A distinctive "pitted terrain" observed by NASA's Dawn mission on Vesta has also been seen on Mars. The morphologies of pits are similar on both bodies, with irregular shapes and sharp angles where pits share walls. The first image on the left shows the floor of a Martian crater called Tooting, which is 17 miles (28 kilometers) in diameter. The middle image shows the floor of a Martian crater called Zunil, which is about 6 miles (10 kilometers) in diameter. The image on the right shows the floor of Marcia crater on Vesta, which is 40 miles (70 kilometers) in diameter.
The two Mars images were obtained by the High-Resolution Imaging Science Experiment on NASA's Mars Reconnaissance Orbiter. The Vesta image was obtained by Dawn's framing camera.
Dawn's mission to Vesta and Ceres is managed by JPL for NASA's Science Mission Directorate in Washington. JPL is a division of the California Institute of Technology in Pasadena. Dawn is a project of the directorate's Discovery Program, managed by NASA's Marshall Space Flight Center in Huntsville, Ala. UCLA is responsible for overall Dawn mission science. Orbital Sciences Corp. in Dulles, Va., designed and built the spacecraft. The gamma ray and neutron detector instrument was built by Los Alamos National Laboratory, N.M., and is operated by the Planetary Science Institute, Tucson, Ariz.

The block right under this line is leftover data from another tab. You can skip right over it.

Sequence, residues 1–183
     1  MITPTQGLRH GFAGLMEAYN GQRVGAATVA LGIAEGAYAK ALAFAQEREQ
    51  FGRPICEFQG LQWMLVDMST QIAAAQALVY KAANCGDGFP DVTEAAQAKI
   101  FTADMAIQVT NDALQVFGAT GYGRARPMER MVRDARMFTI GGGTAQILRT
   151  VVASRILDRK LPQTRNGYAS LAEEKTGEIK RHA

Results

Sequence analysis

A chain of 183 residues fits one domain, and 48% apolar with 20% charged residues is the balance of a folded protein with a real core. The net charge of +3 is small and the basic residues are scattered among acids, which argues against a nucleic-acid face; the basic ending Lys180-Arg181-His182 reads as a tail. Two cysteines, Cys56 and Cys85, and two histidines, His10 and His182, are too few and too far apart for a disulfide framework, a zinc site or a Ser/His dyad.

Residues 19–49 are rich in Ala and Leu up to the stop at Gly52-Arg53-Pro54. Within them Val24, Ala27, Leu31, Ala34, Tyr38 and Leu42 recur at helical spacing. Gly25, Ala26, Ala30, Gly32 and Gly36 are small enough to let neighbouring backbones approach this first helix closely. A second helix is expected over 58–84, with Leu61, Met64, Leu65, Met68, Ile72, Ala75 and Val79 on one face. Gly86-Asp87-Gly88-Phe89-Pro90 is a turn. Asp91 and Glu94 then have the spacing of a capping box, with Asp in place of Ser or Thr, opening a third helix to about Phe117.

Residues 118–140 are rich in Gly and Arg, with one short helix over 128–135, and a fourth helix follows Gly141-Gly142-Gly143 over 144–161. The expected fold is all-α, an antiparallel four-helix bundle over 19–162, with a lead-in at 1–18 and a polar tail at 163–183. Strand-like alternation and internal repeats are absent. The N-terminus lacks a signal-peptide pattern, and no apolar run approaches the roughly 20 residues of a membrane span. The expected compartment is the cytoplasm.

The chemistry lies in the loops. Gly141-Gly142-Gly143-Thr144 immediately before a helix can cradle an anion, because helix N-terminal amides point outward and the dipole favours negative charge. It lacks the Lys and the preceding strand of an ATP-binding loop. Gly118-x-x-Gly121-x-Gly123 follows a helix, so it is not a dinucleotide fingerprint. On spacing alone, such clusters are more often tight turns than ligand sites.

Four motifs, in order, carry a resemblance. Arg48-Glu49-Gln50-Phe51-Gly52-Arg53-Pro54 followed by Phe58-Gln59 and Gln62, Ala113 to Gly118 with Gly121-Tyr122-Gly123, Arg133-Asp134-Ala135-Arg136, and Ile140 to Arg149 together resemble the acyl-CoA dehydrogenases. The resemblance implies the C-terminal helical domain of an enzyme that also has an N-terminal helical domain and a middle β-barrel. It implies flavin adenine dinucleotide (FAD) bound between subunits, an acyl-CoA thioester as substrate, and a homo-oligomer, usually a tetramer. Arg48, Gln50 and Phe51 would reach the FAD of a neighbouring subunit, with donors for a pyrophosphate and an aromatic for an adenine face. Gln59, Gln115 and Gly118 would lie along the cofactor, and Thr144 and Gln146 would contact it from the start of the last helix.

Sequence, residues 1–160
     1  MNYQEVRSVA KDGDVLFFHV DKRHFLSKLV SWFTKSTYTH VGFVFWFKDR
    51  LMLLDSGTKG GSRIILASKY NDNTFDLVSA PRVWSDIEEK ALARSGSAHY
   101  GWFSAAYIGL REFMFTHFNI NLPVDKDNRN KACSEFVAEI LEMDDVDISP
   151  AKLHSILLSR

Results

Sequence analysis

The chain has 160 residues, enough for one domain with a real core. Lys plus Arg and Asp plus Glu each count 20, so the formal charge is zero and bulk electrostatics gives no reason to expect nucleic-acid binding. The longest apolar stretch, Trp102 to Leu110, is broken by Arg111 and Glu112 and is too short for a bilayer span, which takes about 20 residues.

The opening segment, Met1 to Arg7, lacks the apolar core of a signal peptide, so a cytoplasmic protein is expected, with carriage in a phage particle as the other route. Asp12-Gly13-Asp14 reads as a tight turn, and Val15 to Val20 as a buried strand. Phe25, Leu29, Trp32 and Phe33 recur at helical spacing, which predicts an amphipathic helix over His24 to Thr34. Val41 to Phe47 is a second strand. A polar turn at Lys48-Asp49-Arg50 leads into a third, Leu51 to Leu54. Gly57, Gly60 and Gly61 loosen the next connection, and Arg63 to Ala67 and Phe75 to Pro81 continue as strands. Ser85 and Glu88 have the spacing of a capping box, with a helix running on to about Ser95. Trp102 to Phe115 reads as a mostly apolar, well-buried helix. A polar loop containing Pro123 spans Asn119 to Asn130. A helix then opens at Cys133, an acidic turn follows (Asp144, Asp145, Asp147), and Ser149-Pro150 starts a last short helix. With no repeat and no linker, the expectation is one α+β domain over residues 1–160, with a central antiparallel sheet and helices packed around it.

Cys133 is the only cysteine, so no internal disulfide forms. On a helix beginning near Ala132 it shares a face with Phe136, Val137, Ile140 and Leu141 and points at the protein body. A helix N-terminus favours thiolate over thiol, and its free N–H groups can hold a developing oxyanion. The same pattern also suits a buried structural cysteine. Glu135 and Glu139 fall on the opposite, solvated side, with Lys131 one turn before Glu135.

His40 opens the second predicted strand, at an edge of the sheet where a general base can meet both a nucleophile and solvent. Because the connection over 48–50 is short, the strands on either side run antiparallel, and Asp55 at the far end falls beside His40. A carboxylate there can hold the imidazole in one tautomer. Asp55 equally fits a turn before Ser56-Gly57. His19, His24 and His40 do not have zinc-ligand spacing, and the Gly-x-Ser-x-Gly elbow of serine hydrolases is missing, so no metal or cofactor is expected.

More information about Dawn is online at http://www.nasa.gov/dawn and http://dawn.jpl.nasa.gov.